In a decision that could reshape how books are sold on the Internet, a federal judge ruled that Apple conspired to raise the retail prices of e-books in violation of antitrust law, and called for a trial on damages.
Reuters is reporting today that the decision by U.S. District Judge Denise Cote in Manhattan is a victory for the U.S. government and various states, which the judge said are entitled to injunctive relief.
Apple had been accused of colluding with five publishers to boost e-book prices beginning in late 2009, as the Silicon Valley giant was preparing to launch its popular iPad tablet.
The U.S. Department of Justice said this conspiracy was designed to undercut online retailer Amazon.com Inc's dominance of the fast-growing e-books market.
Cote said the conspiracy resulted in prices for some e-books rising to $12.99 or $14.99, when Amazon had sold for $9.99.
"The plaintiffs have shown that the publisher defendants conspired with each other to eliminate retail price competition in order to raise e-book prices, and that Apple played a central role in facilitating and executing that conspiracy," Cote said.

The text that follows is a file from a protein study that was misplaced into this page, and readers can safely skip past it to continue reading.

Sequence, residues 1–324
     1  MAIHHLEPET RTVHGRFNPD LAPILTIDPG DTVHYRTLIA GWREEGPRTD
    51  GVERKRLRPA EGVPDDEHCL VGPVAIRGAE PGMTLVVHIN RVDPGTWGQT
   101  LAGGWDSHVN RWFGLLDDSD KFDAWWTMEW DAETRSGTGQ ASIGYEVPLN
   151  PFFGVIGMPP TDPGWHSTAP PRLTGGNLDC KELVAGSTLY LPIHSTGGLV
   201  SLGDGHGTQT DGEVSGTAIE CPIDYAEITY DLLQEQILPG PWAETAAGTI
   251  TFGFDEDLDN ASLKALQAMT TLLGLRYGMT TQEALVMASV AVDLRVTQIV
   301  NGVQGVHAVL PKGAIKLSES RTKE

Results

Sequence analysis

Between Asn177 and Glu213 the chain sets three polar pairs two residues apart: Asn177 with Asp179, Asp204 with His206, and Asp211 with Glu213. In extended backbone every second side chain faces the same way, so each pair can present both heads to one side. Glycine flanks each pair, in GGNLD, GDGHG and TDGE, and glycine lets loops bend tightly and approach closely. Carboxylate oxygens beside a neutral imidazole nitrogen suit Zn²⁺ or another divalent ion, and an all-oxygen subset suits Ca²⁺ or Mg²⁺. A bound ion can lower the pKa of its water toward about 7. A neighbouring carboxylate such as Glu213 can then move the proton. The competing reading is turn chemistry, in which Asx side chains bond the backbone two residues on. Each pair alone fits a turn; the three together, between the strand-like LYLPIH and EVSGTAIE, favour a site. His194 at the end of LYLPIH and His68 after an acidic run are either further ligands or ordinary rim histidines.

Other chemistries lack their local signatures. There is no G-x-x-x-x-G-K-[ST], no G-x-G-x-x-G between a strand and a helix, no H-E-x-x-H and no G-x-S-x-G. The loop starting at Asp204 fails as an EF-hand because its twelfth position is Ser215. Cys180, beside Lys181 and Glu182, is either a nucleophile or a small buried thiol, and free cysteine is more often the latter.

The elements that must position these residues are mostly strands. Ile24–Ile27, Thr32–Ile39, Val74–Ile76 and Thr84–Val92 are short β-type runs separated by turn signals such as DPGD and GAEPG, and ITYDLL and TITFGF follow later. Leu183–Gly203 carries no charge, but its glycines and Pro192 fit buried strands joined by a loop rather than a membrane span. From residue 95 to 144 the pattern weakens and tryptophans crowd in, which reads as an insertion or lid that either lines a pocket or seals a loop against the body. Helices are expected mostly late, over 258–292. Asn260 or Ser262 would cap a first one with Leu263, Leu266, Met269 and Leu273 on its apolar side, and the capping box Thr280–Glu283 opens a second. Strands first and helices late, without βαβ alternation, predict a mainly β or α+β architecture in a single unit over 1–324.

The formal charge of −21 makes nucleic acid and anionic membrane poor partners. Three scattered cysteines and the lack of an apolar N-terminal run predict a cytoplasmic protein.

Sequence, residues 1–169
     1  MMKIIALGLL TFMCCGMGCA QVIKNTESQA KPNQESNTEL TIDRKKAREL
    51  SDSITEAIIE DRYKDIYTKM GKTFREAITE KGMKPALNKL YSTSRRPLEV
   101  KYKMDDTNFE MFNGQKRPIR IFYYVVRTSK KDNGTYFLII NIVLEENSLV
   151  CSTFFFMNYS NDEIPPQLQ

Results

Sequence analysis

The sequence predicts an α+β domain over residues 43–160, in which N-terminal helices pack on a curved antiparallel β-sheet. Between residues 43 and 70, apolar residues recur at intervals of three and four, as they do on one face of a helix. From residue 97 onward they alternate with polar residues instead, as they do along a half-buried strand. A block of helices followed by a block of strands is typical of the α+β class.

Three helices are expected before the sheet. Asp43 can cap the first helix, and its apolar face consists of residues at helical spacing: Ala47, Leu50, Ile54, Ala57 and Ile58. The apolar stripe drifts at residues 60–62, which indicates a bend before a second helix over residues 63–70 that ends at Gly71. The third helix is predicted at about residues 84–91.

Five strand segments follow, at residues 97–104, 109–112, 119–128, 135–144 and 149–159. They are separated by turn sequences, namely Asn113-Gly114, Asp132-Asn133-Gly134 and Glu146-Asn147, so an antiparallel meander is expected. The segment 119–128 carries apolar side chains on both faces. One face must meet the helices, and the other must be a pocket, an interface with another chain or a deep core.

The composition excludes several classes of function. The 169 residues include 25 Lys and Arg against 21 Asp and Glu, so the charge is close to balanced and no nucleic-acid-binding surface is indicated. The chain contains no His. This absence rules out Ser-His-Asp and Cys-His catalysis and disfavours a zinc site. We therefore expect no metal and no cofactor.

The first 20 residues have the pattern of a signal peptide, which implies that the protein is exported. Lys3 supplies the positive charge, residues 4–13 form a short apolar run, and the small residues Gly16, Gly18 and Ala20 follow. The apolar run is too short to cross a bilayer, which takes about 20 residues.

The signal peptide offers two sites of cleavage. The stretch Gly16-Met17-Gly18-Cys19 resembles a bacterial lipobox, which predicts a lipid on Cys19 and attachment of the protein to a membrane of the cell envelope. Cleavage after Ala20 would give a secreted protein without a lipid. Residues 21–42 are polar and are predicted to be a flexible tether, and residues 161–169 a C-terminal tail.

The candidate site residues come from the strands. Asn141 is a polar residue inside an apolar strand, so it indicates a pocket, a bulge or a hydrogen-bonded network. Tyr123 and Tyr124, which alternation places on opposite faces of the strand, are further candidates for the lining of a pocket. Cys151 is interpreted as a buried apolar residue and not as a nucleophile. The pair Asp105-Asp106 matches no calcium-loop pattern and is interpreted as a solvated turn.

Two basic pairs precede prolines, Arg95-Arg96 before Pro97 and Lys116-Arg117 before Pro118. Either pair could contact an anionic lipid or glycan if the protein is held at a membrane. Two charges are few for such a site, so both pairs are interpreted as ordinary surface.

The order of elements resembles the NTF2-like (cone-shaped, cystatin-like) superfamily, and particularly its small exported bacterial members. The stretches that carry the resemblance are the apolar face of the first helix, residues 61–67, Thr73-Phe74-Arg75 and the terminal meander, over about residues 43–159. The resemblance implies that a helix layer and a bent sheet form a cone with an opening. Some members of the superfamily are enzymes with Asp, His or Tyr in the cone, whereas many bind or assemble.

"Without Apple's orchestration of this conspiracy, it would not have succeeded as it did in the spring of 2010," she added.
The writing was on the wall last year when the European Union regulators ended an antitrust probe into e-book prices by accepting an offer by Apple and four publishers to ease price restrictions on Amazon.
In June Apple stated that "an adverse ruling would have a 'chilling effect' on how businesses investigate new markets." We'll have to see how that pans out.
The Wall Street Journal's report pointed to two emails by Apple's late CEO Steve Jobs that seemed to be damning:
"In emails introduced as evidence, Mr. Jobs seemed to gloat after published reports in January 2010 that Macmillan and Amazon were separately clashing over pricing following the Apple deal.
"Wow, we have really lit a fuse on a powder keg," Mr. Jobs wrote in an email from Jan. 30, 2010. And then in a group email at Apple the very next day, Mr. Jobs stated that "We have definitely helped stir things up in the publishing world." Yes, perhaps a little too much.
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